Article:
Trudeau’s ‘anti-hate’ bill will allow Canadians to preemptively report hate speech

Hate speech legislation that has been proposed in Canada would allow people to take other individuals to court if they believe that person will post content in the future considered hateful online.

The legislation was reintroduced by Diversity Minister Ahmed Hussen following the events that have taken place in Ottawa in the past few weeks.

Bill C-36 notes that “a person may, with the Attorney General’s consent, lay an information before a provincial court judge if the person fears on reasonable grounds that another person will commit (a) an offence under section 318 [advocating genocide] or subsection 319 [inciting or promoting hate, promoting hatred].”

It additionally covers “an offence motivated by bias, prejudice or hate based on race, national or ethnic origin, language, colour, religion, sex, age, mental or physical disability, sexual orientation, gender identity or expression, or any other similar factor.” 

The bill’s reintroduction came from Diversity Minister Ahmed after the events that have occurred in Ottawa regarding the Freedom Convoy in which a small number of individuals at the protests carried hateful symbols like the swastika.

Ahmed said the symbols were “reprehensible,” adding that the government would bring back the bill that had died when the election was called last year. “Seeing symbols of hate right across the doorstep of our Parliament is unbelievable and should be condemned,” he said.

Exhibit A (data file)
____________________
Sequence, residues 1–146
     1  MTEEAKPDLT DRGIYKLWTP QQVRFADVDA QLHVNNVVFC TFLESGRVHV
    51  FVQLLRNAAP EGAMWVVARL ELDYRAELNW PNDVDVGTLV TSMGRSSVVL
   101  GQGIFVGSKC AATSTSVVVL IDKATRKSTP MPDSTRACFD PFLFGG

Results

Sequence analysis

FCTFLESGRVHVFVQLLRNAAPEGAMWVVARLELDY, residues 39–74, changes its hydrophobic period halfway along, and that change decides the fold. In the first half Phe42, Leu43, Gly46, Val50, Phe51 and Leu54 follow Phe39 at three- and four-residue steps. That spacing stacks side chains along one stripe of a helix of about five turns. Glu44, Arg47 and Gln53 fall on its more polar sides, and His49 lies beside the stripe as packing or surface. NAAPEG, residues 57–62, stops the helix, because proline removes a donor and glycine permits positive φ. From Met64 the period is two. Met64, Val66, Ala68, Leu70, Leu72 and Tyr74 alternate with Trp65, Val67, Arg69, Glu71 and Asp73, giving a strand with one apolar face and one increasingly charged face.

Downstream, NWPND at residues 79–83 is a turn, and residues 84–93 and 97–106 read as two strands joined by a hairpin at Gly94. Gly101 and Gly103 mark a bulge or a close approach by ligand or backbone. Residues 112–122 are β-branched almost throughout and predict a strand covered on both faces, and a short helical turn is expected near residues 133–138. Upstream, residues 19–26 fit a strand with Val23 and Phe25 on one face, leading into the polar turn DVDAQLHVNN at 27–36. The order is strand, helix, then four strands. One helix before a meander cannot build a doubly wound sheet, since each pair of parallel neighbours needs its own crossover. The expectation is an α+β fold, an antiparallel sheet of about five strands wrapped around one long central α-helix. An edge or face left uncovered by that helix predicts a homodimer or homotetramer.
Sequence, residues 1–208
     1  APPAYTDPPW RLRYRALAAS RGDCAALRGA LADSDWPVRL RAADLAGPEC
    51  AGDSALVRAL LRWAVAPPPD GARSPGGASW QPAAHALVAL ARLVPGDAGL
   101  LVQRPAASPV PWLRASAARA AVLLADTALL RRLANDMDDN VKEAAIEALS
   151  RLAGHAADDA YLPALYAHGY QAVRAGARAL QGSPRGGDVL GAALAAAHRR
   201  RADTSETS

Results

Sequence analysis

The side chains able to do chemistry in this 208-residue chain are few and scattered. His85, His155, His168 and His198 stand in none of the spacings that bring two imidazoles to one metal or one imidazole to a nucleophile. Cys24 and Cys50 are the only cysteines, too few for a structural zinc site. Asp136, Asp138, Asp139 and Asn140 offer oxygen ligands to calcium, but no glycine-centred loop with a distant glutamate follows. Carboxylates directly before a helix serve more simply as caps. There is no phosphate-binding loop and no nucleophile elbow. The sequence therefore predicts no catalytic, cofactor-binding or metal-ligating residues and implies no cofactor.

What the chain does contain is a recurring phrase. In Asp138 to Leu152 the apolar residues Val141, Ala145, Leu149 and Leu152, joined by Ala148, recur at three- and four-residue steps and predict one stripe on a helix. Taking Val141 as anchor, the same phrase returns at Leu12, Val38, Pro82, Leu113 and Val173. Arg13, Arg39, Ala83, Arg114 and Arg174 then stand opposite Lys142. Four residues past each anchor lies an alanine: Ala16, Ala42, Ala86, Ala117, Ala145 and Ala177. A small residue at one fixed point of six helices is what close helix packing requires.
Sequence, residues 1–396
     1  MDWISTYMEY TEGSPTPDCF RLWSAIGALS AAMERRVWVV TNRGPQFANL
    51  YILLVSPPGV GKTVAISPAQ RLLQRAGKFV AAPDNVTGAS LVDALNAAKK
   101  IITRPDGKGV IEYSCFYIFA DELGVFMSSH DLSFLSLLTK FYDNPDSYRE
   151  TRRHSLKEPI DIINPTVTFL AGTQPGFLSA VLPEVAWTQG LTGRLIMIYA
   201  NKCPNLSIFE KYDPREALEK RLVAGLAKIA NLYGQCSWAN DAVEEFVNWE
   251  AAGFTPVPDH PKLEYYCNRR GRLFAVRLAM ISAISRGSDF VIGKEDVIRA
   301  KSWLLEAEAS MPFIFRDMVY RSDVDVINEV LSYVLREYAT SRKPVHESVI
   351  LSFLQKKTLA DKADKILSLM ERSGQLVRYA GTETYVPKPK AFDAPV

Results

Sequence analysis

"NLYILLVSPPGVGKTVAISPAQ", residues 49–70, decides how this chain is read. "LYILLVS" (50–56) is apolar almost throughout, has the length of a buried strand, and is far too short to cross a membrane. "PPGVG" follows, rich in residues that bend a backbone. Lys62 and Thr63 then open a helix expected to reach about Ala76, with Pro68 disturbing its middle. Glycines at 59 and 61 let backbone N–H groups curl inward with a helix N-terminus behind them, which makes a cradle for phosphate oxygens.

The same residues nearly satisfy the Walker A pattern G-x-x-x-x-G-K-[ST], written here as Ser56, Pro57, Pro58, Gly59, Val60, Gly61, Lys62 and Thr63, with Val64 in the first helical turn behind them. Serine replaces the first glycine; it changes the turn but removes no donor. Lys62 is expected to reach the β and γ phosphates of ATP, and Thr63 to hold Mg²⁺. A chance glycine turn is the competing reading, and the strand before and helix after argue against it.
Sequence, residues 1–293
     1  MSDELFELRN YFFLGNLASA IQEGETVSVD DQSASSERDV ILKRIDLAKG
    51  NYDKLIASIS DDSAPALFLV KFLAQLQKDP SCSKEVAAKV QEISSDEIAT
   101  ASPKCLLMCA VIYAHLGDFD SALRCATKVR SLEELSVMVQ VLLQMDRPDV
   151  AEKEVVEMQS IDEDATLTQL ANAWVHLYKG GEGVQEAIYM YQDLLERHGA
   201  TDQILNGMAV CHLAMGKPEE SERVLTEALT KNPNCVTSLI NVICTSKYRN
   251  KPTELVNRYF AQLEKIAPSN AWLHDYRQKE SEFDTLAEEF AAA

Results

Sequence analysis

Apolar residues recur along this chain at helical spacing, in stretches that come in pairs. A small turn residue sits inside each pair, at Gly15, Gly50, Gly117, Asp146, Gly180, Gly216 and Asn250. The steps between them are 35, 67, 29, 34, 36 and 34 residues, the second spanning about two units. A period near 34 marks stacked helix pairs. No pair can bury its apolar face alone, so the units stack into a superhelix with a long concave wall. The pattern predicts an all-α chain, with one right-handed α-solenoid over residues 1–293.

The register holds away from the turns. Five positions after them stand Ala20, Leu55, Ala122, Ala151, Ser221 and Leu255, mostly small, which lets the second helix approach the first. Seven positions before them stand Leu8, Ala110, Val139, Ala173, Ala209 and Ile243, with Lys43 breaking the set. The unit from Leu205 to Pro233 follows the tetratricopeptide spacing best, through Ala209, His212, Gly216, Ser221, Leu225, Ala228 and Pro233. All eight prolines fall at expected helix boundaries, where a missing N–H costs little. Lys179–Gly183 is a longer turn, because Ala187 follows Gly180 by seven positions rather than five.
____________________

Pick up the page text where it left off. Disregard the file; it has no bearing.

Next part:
The bill offers that “hatred means the emotion that involves detestation or vilification and that is stronger than dislike or disdain.” But academics and human rights advocates noted that the first version of the bill, which had been proposed by Heritage Minister Steven Builbeault, was “aggressive,” “punitive,” and “disturbing.”

“The proposals fail to account for the importance of protecting the kinds of expression that are most central to a free and democratic society including journalism, academic scholarship and public interest research, debate, artistic creation, criticism and political dissent,” said the University of Toronto’s Citizen Lab.




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